by Amy Ullman
The term, “cult wine” is often bandied about by wine lovers. But what, exactly, does the term mean, and how does it get applied to these highly sought-after bottles?
Since the early days of vinous history, there have been scores of delectable, rare and expensive wines, from the lost Falernnian crus of Ancient Rome, through the Chateau Petrus of contemporary Bordeaux. Yet none of the conspicuous consumers of these delicacies would have characterized their appreciation in religious terms.
That’s because so-called “cult” wines aren’t characterized as such based on religion, history, or a high price point. The term emerged from a perfect storm in the 1980’s and 1990’s that brought together several key elements: A booming economy that created a pool of buyers that never existed before; the rise of Robert Parker and his eponymous scoring system; and an explosion of Napa Valley producers devoted to creating minuscule productions of unique, high quality wines. These components combined, creating new markets, greater demand, and cult-like followings that shape the industry to this day.
Cult wines are often based on Bordelaise red varieties: The robust and earthy trio of Cabernet Sauvignon, Cabernet Franc, and Merlot. But even fans of lighter reds and whites can find something to appreciate about these sacrelicious vinos.
Hallmarks of a cult wine:
- Small production. The reason behind the hefty price tag? Basic economics: Supply and demand. Once collectors got a taste for these rare beauties, interest skyrocketed. Unfortunately, production maxes out at a few hundred cases per year. Thirsty buyers with big budgets + limited inventory = exorbitant costs.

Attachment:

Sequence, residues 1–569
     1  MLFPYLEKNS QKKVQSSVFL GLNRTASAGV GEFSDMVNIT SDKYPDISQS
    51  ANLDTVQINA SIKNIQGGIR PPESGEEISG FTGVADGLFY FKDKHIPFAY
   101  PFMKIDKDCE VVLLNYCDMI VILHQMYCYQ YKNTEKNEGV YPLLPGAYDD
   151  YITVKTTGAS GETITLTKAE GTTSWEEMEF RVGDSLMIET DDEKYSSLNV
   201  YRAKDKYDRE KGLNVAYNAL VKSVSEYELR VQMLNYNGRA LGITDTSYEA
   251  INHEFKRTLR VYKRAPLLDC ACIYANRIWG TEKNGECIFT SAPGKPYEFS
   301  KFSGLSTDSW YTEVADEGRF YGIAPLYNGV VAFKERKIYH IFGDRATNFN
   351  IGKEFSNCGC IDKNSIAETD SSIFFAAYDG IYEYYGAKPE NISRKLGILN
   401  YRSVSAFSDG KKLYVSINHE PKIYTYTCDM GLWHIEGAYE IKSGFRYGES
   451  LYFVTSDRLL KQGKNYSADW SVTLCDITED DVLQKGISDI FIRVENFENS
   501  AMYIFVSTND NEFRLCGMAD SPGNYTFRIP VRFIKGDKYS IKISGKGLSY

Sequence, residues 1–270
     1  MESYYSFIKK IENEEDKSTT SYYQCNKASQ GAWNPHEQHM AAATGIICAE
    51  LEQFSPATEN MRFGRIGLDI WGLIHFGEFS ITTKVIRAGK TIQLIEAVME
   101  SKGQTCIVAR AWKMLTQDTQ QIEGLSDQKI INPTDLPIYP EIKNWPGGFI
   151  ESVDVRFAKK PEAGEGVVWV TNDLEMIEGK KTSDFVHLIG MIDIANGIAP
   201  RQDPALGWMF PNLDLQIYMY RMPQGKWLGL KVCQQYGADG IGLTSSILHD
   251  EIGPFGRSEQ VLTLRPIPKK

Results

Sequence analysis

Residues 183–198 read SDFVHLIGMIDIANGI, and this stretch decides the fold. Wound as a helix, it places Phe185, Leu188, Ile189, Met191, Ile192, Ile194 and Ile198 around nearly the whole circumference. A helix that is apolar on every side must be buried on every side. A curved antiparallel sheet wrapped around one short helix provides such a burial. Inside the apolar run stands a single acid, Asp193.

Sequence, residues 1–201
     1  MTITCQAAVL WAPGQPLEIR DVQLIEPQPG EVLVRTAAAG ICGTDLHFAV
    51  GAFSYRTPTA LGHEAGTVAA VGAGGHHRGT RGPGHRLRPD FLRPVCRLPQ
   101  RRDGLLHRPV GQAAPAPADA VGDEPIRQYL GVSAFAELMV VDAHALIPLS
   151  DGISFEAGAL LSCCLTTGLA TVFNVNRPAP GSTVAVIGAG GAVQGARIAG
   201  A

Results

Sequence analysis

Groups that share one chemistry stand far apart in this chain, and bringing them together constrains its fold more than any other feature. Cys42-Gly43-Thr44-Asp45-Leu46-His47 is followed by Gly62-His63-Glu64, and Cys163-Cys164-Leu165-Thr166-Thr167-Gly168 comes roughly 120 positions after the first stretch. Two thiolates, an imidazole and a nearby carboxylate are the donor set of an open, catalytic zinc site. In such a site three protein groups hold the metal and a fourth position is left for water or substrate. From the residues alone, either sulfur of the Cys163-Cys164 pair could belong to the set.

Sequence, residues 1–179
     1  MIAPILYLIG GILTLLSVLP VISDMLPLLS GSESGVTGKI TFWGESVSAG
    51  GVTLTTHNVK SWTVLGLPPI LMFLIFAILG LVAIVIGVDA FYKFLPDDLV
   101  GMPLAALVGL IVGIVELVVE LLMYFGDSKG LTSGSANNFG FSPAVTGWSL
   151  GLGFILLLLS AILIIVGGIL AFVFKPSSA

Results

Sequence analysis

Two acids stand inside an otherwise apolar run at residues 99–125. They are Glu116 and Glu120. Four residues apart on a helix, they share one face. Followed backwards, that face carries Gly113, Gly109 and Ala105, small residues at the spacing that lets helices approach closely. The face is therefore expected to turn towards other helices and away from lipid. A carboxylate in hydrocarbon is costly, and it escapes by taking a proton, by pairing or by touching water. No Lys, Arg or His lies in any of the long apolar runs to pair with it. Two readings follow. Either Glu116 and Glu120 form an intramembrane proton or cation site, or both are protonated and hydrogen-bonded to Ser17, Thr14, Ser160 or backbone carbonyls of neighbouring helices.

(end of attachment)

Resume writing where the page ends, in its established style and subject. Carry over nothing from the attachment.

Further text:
- Robust grapes. These hearty babies fare well in a variety of climates, but respond beautifully to balanced soils. So beautifully, in fact, that they’re capable of expressing something known as terroir.
Said otherwise, a Cabernet is not a Cabernet is not a Cabernet. Think of your childhood next-door neighbor, Billy. Or the postman, Bill. Or that rock poet kid in your English lit class named William. All technically have the same name, but factors such as age, origin and environment affect the final product.
- New world. Although many European or Old World wines have cult followings, cult wines are a product of the new world. Although the most famousproducers like Opus, Screaming Eagle, and Sine Qua Non all hail from California, Australian producers like Grange are also getting in on the act.
- Wine as an investment. These wines only get better with age (think mutual funds, but tastier). As tempting as it might be to crack it open upon purchase, resist the urge and wait. If you lack willpower, ask a non-wine lover in the family to stash it somewhere safe.
- Don’t fear “bad” vintages. This is true across the wine world. Even a harvest that fetched less than stellar scores can still produce dynamic, complex, compelling and delicious vino.
But here may be the most golden rule of all. Just because a wine has a cult following, doesn’t mean you will like it. Everyone’s tastes are different. We encourage you, dear Drync-ers, to rate every wine you try, so you can remember what you like, and what you don’t! And if you have the pleasure of tasting a wine you think deserves a cult following, add it to your Drync Wish List. We’ll let you know when it is available and you can buy it straight through the app!
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Writer Amy Ullman is the irrationally exuberant founder of Wine for Rookies. She received a Bachelor of Liberal Arts from Harvard University in 2009 with concentrations in Economics and French. She holds the title of Certified Sommelier from the Court of Master Sommeliers, a Certified Specialist of Wine through the Society of Wine Educators, and is currently working on her Diploma of Wine and Spirits via the Wine and Spirits Education Trust.